“Sous le Ciel de Paris” – Yves Montand

Leni’s mother returns to France. While she’s retained her affection for American country music. Curiously, by the early 2000s, U.S. country music has become very popular and hip in France. Her nieces are impressed with Ludevigne’s ability to sing along with her favorites. She does, however, regain some affection for the French crooners, especially Yves Montand. She and I share a favorite, “Sous le Ciel de Paris.”

“Eau Rouge, Pt. 1” Gelka

By 2017, Leni is a working artist, and teacher. Working in her studio, she’ll often listen to a kind of down tempo electronica, like the Budapest duo, Gelka, with its languorous tempo and enough melody to soothe her thoughts and help her hand glide along the canvas.

“Be Patient with My Love” – Lady Antebellum

Hank Junior’s had quite a journey since returning from Vietnam. In his 60s at this point, he’s found his way back in a way to his roots, to some of the “new” country music like Lady Antebellum. “Be Patient with my Love” captures his regret and what he’s left behind.

“Harvest Moon” – The Brothers Comatose, with AJ Lee’s cover

And this cover of Neil Young’s “Harvest Moon” lets Hank Junior bask – when he’s in the mood – in the life he’s created for himself.

“Our Town Suite” – Aaron Copeland

In the novel’s last section, Caleb’s tastes have turned to classical, and contemporary classical. Aaron Copeland is a favorite for its nostalgia, bursts of passion, and its undertones of optimism. I’ll pick Copeland’s “Our Town Suite.”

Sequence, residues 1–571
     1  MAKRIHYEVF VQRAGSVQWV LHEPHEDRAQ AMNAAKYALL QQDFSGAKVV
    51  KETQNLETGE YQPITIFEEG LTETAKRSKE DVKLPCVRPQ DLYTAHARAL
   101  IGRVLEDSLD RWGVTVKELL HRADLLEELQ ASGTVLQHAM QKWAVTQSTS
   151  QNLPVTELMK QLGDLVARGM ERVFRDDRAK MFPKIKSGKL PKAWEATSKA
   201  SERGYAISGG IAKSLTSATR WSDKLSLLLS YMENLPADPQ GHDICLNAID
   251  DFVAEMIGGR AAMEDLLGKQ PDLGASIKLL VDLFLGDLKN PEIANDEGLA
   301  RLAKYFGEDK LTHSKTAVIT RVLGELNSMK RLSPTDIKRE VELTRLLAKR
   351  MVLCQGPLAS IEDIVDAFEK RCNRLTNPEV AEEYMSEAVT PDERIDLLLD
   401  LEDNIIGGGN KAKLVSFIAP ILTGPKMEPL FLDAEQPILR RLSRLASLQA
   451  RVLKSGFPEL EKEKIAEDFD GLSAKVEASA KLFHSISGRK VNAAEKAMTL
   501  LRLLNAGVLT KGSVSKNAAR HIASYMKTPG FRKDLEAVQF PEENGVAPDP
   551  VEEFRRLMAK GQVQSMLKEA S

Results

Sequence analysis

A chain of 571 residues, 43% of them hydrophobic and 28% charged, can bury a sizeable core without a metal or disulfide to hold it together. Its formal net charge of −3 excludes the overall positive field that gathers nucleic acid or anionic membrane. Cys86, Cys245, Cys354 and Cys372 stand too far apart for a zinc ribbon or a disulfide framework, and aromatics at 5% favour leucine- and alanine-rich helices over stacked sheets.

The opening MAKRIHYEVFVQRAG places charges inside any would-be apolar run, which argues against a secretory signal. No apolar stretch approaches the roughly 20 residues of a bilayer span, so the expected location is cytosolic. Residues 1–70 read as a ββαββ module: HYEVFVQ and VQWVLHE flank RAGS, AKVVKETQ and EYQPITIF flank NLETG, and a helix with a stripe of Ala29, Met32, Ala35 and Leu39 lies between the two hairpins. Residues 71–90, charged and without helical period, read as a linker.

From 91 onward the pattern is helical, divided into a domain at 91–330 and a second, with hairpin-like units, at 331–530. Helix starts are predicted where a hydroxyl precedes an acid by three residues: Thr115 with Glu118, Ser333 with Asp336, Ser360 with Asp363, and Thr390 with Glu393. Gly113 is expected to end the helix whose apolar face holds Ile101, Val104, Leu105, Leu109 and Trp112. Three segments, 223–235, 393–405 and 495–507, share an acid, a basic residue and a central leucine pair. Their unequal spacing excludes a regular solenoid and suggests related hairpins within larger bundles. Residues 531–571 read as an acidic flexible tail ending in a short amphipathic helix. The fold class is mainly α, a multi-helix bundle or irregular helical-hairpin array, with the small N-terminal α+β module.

“Primavera” – Ludovico Einaudi

Caleb also likes Ludovico Einaudi, as do I, for the way his deceptively simple patterns can bore so deep. Something about his music is both soothing and emboldening.

 “On the Nature of Daylight” – Mac Richter

I’ll conclude my playlist with this from Max Richter. This piece for strings, with its slow and relatively simple harmonies, seems the perfect way to wrap up the tale of love – romantic love and family love – a tale of loss and secrets, of resolution and healing. It reminds me that in all we carry and experience as humans, there is enough beauty and connection and comfort to carry us.

Donnaldson Brown grew up riding horses across the Texas plains. An attorney and former screenwriter, she’s performed her spoken word pieces in and around New York, including for the Berkshire Theatre Festival and the Deep Listening Institute. Her personal essay “Spell Breaking” was published in the anthology Spell Breaking: Listening to the Dreaming Heart. She is a current fellow of Craigardan Arts Colony and past fellow of the Virginia Center for the Creative Arts and the Squaw Valley Community of Writers. She divides her time between Brooklyn, New York, and the Berkshires in western Massachusetts.